Special: Inside the development of Cyrix's 6x86MX

On a visit to the UK this week, Michael Woodmansee, project director for Cyrix's 6x86MX (or 'M2') and UK managing director Brendan Sherry gave a rare insight into the development of a state-of-the-art microprocessor.

On the development of the chip...

MW: At the peak of the project I had about 25 people. We started in August or September 1995 and at that time we had just a handful of people.

On operating system and multimedia optimisation...

MW: [M2] is for Windows 95 and NT. We didn't want to optimise for 95 at the expense of NT and vice-versa. Also, we didn't know what the MMX standard was going to be but we knew we wanted to accelerate multimedia and be aggressive about that. Ultimately, we decided to follow the industry standard - MMX. The M2 has a couple of unique features that could be really compelling to multimedia application performance. I think against K6 the M2 will do very well but most of the MMX-optimised software being developed is hand-coded for Intel so PII is going to be faster [for MMX] most of the time.

On AMD...

BS: We're not really going to war with AMD and they don't want to do that with us... We're both focused on taking share from Intel.

MW: They've got a 64Kb cache like us. Their cache is dual-ported but can only support one read/one write per operation and that's a pretty big limitation in Windows. You'll often see many reads in a row... that'll really slow down your pipeline.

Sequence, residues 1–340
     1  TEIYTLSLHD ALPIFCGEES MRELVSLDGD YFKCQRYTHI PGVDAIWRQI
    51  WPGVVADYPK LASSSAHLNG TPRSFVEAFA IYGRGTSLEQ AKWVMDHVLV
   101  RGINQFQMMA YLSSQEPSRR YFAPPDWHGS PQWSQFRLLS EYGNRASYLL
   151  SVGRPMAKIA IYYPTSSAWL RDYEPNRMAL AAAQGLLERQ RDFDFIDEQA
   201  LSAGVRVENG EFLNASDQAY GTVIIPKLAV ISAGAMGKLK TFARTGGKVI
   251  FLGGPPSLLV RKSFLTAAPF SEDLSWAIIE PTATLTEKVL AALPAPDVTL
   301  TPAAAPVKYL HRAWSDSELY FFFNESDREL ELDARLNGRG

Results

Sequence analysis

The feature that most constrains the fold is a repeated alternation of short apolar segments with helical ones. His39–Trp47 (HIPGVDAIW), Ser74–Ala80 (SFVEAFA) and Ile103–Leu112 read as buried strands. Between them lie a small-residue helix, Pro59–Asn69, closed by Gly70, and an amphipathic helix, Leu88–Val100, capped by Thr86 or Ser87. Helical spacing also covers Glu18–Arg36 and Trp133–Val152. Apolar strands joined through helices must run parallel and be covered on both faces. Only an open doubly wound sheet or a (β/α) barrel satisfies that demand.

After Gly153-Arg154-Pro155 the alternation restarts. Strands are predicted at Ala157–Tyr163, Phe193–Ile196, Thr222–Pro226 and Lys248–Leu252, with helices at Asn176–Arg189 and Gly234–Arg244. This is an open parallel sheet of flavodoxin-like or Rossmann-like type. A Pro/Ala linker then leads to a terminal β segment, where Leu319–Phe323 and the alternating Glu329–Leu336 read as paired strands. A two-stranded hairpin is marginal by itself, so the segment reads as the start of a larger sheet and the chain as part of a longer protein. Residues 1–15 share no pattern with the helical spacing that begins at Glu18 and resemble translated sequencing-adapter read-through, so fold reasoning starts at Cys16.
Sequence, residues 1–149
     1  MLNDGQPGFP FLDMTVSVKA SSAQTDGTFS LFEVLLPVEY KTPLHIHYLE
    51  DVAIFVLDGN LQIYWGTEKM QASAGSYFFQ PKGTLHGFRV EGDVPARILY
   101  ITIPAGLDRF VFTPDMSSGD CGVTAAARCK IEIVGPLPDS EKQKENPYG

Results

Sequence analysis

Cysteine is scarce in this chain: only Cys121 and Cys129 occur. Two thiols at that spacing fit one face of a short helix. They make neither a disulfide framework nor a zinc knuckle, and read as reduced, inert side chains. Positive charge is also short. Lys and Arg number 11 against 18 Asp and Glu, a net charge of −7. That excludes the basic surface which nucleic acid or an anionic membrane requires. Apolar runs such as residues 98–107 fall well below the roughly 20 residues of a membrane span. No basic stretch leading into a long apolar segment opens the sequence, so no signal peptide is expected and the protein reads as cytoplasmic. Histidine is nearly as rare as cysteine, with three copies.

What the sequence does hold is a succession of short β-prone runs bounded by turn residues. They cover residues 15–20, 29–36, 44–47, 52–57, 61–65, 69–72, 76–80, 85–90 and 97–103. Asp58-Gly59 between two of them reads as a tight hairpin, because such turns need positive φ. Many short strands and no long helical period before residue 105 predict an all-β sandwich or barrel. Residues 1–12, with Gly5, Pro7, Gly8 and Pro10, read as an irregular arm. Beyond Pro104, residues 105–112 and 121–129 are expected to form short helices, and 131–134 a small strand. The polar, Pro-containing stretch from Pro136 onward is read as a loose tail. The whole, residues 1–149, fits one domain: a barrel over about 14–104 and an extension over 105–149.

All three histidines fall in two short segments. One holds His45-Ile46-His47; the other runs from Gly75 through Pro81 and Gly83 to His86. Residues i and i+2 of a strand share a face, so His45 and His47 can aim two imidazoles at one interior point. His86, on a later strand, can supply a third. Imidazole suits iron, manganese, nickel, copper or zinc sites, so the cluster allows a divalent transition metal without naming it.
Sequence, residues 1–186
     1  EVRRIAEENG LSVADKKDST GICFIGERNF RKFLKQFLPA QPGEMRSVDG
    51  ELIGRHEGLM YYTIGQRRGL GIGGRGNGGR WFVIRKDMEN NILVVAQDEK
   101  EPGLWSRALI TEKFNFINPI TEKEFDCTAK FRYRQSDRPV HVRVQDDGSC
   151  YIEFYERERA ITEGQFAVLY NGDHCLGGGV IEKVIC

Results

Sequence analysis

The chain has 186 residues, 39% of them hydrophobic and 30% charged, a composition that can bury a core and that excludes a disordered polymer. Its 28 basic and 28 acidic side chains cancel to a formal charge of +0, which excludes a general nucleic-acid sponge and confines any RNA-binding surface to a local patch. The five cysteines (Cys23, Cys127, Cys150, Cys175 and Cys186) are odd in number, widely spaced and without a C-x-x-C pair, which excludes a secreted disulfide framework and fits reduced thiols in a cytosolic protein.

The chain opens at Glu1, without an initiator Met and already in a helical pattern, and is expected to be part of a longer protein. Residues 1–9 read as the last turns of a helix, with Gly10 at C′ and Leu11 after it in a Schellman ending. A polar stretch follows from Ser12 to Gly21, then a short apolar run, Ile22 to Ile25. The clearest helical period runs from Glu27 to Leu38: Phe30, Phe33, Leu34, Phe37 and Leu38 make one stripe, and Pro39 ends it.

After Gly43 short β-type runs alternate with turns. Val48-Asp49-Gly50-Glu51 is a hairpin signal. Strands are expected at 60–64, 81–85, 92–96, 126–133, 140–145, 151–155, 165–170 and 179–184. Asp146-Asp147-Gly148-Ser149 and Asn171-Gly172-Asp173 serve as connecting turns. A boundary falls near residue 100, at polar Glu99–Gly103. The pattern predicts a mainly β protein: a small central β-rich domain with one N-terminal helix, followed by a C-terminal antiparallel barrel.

On Socket 7 versus Slot One...

BS: There's a lot of things that can happen. We'll be watching very carefully what happens with the new slot. We don't believe that many vendors will want to go exclusively with Slot One. Dell and Gateway probably will, they're so closely tied in to the Intel mother ship. Will Compaq? I'd be surprised. For us, the business drivers are more important than the technical.

On mobile CPUs...

MW: I think this can go straight into mobile products. It doesn't need enormous heat sinks. Right from the off we planned a low-cost dye from a manufacturing view and a low-power chip to enable mobile solutions.

On floating point performance...

MW: We've made incremental improvements to floating point but it's not fully pipelined. It's about 10-20 per cent faster than the classic 6x86 if you run a floating point benchmark. If you run something like polygon calculations, it's definitely a step behind Pentium II. But if it's a game, that's not the only thing they do. [Using a floating point benchmark] is kind of like using Norton SI to say this is what Windows performance is like.

Newsletters

You have been successfully signed up. To sign up for more newsletters or to manage your account, visit the Newsletter Subscription Center.
See All
See All